"Poisson's equation is a partial differential equation of elliptic type with broad utility in electrostatics, mechanical engineering and theoretical physics. Commonly used to model diffusion, it is named after the French mathematician, geometer, and physicist Siméon Denis Poisson."
The equation is of the form: ∇²ρ = ƒ
"One of the cornerstones of electrostatics is setting up and solving problems described by the Poisson equation. Finding ρ for some given ƒ is an important practical problem, since this is the usual way to find the electric potential for a given charge distribution described by the density function."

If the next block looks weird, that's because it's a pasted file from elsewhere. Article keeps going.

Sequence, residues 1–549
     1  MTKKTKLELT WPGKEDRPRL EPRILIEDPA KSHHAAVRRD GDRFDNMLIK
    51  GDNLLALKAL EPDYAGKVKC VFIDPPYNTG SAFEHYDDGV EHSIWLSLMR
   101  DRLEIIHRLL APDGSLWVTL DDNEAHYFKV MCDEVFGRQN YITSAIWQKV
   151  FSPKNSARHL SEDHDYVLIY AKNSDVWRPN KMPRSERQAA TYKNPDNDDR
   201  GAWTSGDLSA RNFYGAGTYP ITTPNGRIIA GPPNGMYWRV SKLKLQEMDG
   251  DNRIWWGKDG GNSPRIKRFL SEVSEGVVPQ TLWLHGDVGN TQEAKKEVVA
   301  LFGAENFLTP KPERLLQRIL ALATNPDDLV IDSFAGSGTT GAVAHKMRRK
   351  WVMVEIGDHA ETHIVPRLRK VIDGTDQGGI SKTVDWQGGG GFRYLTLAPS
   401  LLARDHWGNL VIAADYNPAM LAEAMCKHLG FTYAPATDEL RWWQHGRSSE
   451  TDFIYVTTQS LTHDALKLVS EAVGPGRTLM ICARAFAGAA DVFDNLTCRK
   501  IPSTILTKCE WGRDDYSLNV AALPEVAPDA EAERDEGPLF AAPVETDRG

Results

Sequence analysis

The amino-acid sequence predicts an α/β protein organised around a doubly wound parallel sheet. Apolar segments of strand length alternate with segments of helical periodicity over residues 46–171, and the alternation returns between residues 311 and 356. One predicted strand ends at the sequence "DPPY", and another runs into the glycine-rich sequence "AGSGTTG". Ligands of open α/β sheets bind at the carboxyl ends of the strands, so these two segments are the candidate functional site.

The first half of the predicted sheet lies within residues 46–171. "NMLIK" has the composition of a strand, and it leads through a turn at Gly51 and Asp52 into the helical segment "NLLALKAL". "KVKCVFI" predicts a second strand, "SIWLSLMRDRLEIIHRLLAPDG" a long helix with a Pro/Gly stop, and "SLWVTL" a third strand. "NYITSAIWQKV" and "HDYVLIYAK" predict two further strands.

Poisson's equation for electrostatics is derived as follows.
Step One: Gauss's Law
Start with Gauss's Law (aka Gauss's Flux Theorem for Electricity), one of Maxwell's Equations. Gauss's Law states that: "The net electric flux through any closed surface is equal to 1⁄ε times the net electric charge enclosed within that closed surface."